RALEIGH (WTVD) -- The first of four public hearings on the future of hydraulic fracturing (fracking) got going Wednesday morning in Raleigh with cheers and jeers. A demonstration outside the N.C. State McKimmon Center drew almost 100 protesters and a handful of fracking supporters.
However, the real conversation kicked off inside in a room filled with more than 400 people listening to speaker after speaker talk about hydraulic fracturing. Their comments are summarized below. They are weighted heavily against fracking but only because the speakers were overwhelmingly critics. One spokesperson for an energy industry group estimated they were outnumbered 10 to 1. It might have been more.
Among the supporters who spoke was David McGowan with the North Carolina Energy Council. He said the group would be submitting detailed suggestions in writing before a September guideline that would draw from industry standards, regulations from other states, and best management practices. The comments would related to setback distances, casing requirements, blowout prevention, improvements for definitions, waste management plan, permit application procedures, etc. (There are all things critics lashed out about over the course of the meeting).
Critics included Vicky Ryder, who is concerned about the chemicals that fracking pumps into the ground. Hydraulic fracturing injects water laced with usually secret chemicals into shale rock deep underground, splits the rock apart, and pulls up the methane that's been trapped there for millions of years.
Ryder's concern is that "toxic chemicals refuse to stay where they're pumped."
Heidi Zanel echoed that worry, as she talked about the proximity of the shale drilling to water tables.
"It seems like a recipe disaster that could cause problems forever," said Zanel.
Dr. Susan DeLaney, a physician with the Medical Advocates for Healthy Air, also complained about the fact fracking companies -- as it stands -- won't have to disclose which chemicals they inject into the ground, considering that a "trade secret."
"I'm concerned about chronic exposure," DeLaney said. "It's unethical for a medical professional to stand here and knowingly pollute our air and water."
Ray Jackson expressed concern about "what's going to take place when there are spills, cause there will be spills."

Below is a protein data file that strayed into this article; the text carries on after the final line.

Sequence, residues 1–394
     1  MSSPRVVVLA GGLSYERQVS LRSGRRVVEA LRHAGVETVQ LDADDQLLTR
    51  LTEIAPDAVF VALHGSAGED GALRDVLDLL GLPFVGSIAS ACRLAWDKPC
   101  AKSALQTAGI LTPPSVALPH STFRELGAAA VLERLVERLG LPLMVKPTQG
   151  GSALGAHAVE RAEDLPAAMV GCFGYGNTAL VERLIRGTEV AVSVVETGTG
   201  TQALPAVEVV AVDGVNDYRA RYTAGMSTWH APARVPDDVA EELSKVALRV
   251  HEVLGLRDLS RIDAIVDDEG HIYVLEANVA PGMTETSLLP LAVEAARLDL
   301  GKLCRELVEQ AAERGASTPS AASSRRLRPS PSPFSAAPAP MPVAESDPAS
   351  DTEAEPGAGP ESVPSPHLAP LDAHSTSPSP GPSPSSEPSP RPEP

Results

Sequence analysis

It was a common theme from critics. Laura Gillian, from Durham was worried the state won't effectively monitor and enforce the rules it puts into place.
"We must not rely on oil and gas industries to monitor themselves," said Gillian.
Christine Carlson, from Chapel Hill, worried about storage.
"Draft rules allow open pits for waste storage, are prone to flooding, can leak to groundwater and are dangerous to wildlife," said Carlson. "The draft rules state that only spills over a barrel need to be documented which means that hundreds of thousands of gallons could be spilled with no one knowing. Let's face it, we can live without shale gas, but we can't live without clean air and water."
Linda Benjamin, from Durham, focused on land rights.
"How is it fair if the neighbors on either side of me agree to it without my consent? It means I don't have a choice," said Benjamin. "Is this freedom? What's a house worth without drinkable water and breathable air?"
Benjamin went on to point out that, as the rules are currently written, "Homeowners can request to know what chemicals are jeopardizing their wells but the frack companies can refuse to tell because it's a trade secret. That's just not fair."
Public officials including Creedmoor Mayor Darryl Moss also spoke out, concerned about the fact local cities and counties can't say no to fracking companies. The rules prevent municipalities from self-determination when it comes to hydraulic fracturing and Moss urged the commission to "put in place rules to preserve local control.
Neddie Lassiter, a 10th generation North Carolinian with Native American roots, put it bluntly.
"I'm asking this commission protect our waterways for our generations to come," said Lassiter.